Instances of people walking into garrisons and leaving in pieces are part of folklore in Islamabad. In Hutmarah, for instance, in June 1995, Seer based RR unit arrested an irrigation department employee with two other men. Five days later, somebody dropped only his limb to his address. The ghastly killing spread a wave of discontent, fear and hate in the entire Islamabad province.

But the grotesque events never stopped there. On October 27, 1990, recalls retired firefighter Riyaz Ahmad, a major fire erupted in Islamabad’s Cheeni Chowk. His boss Bashir Abbasi got the call two hours after a guerrilla attack on soldiers in the town. “When fire tenders reached the spot, troops fired at us,” Riyaz says. “Two bullets hit my colleague fireman Ghulam Ganai, severing his finger and boring his chest. His truck crashed when he slumped at the wheel.”

He saw soldiers shuttling back and forth to flames, toting gasoline in their steel helmets, spreading flammable powder on houses. “When challenged by residents, the soldiers pointed toward the torched houses and shouted, ‘Look at your freedom!’ ” Among the challengers was Mohammad Aslam, a burly man in his mid-fifties.

That day, Aslam says, he saw militants hurling grenade on CRPF vehicle that upturned, perhaps killing some personnel. As casualties were evacuated, reinforcements came in. “CRPF first set shops afire and then turned towards the residences in Khwaja Mir Ali Kocha,” says Aslam, an eyewitness. “Almost 450 families lost their shelters and two mosques – Shah Sahib Masjid and Malakhnag Masjid in an overnight inferno.”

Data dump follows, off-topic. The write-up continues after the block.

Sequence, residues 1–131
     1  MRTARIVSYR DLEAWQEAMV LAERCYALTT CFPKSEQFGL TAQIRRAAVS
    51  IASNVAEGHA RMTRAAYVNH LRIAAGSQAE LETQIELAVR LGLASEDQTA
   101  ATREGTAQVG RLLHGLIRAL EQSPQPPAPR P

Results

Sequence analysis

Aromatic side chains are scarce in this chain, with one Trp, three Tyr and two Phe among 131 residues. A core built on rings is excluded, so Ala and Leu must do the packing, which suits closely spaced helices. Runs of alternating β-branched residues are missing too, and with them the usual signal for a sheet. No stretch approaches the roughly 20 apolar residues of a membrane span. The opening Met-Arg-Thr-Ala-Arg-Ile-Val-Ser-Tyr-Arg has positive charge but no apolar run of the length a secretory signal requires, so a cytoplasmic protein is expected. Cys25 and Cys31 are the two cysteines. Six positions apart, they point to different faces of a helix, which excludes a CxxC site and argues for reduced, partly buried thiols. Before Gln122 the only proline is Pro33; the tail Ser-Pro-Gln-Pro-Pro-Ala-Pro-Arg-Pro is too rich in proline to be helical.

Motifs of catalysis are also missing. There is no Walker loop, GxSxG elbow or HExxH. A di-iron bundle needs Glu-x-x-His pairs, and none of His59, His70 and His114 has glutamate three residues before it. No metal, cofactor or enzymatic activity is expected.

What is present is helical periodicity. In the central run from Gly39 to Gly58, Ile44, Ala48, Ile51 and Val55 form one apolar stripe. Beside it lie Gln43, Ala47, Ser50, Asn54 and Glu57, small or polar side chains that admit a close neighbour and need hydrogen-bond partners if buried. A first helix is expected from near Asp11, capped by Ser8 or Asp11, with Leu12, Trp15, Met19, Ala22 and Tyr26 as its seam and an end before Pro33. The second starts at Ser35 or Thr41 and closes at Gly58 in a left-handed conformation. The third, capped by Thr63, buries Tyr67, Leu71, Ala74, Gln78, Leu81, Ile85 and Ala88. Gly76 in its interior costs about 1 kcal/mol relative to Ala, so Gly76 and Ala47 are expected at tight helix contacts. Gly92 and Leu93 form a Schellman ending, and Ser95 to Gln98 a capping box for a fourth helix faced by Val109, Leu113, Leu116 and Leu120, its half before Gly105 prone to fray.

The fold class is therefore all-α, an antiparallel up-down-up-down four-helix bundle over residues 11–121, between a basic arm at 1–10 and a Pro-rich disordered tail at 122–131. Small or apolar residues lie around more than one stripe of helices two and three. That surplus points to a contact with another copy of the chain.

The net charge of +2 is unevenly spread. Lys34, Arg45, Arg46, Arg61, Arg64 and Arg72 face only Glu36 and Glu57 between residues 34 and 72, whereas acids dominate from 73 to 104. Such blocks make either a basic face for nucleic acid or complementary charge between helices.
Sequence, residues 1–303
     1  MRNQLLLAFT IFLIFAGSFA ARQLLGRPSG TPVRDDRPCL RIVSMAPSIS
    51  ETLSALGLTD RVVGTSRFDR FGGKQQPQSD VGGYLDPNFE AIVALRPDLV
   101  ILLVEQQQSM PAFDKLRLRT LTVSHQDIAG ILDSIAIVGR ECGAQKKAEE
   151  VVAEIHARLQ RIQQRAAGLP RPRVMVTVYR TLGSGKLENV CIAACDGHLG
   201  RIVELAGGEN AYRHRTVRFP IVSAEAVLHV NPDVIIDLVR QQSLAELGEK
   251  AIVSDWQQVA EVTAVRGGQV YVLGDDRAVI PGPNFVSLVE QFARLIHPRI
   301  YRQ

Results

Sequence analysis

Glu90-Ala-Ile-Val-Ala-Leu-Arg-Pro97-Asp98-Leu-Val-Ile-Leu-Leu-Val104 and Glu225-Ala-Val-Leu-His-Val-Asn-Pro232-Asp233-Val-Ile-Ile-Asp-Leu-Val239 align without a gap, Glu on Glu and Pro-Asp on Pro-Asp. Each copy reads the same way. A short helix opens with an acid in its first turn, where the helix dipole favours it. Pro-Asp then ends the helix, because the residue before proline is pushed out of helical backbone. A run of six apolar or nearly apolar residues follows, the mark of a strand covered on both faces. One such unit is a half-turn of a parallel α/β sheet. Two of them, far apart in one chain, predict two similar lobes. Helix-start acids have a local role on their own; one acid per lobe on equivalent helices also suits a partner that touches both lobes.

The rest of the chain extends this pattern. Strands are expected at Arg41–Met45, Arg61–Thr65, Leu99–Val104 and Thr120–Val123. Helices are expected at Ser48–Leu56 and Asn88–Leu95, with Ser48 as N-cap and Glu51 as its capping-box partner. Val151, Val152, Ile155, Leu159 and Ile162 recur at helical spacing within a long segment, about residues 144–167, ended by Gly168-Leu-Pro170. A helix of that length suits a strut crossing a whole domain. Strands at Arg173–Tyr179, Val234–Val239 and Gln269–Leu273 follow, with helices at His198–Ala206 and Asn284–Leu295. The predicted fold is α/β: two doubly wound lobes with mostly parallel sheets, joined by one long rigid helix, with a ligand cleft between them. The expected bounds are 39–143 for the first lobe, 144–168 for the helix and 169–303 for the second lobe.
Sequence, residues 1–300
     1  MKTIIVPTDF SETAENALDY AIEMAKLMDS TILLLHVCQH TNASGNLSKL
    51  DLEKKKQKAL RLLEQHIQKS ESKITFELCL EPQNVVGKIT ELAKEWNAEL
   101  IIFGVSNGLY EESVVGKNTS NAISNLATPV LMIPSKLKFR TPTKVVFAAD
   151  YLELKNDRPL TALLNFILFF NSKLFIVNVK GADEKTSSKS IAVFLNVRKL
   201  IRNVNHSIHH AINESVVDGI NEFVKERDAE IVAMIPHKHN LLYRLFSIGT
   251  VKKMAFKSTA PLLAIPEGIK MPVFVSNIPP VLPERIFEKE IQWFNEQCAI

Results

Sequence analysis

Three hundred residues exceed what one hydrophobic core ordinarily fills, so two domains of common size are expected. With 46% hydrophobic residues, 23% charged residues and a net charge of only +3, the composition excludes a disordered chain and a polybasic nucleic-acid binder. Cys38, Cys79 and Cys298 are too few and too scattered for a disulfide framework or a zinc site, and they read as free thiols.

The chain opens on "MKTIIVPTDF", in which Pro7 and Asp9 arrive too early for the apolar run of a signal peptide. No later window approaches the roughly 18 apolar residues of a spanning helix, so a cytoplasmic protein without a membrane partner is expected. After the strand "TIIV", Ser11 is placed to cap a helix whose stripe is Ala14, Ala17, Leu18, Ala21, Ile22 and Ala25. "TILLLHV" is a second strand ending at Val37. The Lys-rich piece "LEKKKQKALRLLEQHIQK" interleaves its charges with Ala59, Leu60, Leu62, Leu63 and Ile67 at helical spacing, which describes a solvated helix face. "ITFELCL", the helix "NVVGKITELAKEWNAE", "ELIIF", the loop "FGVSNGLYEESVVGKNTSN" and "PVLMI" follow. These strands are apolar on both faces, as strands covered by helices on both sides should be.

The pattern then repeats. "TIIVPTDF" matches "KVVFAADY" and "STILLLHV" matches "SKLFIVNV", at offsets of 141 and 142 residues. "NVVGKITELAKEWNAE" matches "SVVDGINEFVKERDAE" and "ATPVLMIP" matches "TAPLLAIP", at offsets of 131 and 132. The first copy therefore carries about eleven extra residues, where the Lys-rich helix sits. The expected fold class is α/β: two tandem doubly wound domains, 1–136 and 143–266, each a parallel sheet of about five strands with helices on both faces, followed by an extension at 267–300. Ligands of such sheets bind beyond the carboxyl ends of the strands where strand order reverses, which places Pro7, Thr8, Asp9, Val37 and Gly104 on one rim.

Cheeni Chowk or China Square was a heap of bricks and rubble by the crack of next dawn.

Apparently, militants shifted their strategy after that. They spared the town where they were protected by twisting alleys and sympathetic residents and battled in the periphery.

But Islamabad’s periphery had costs for sharing the town’s activism. On October 22, 1993, when BSF killed 51 people protesting against Hazratbal siege, Bijbehara was reduced to a mortuary.

Though no more Home Minister, Mufti skipped visiting the hometown for condolences. His clan, however, was staunchly pro-tehreek. One of his close relative showed allegiance to JKLF, says Ghulam Qadir, a Baba Mohalla resident, while other two sided with HM and Lashkar. “Later when Mehbooba returned to her hometown to seek votes, she rode on the same sentiment wave,” says Qadir. (Mehbooba lacks that flexibility now, when as Chief Minister she is contesting from Islamabad, the seat that fell vacant after her father’s demise.)

Ms Mehbooba Mufti filing her nomination papers from Islamabad on June Ist, 2016

Initially, JKLF controlled Islamabad. Even cleric Qazi Nisar seemed supportive of Amanullah Khan’s force. But stake-holding increased and changed, quite fast.

Khurshid Mir created Dialgam Liberation Front, apparently to counter Manzoor ul Islam led JKLF. The split forced Yasin Malik and Javaid Mir to visit Islamabad and attempt disciplining the house. The situation changed to hilarious levels when a group of seven militants tried dominating the scene: they would operate as Boba Tigers, apparently in deference to the hideout that one Boba (mother) offered.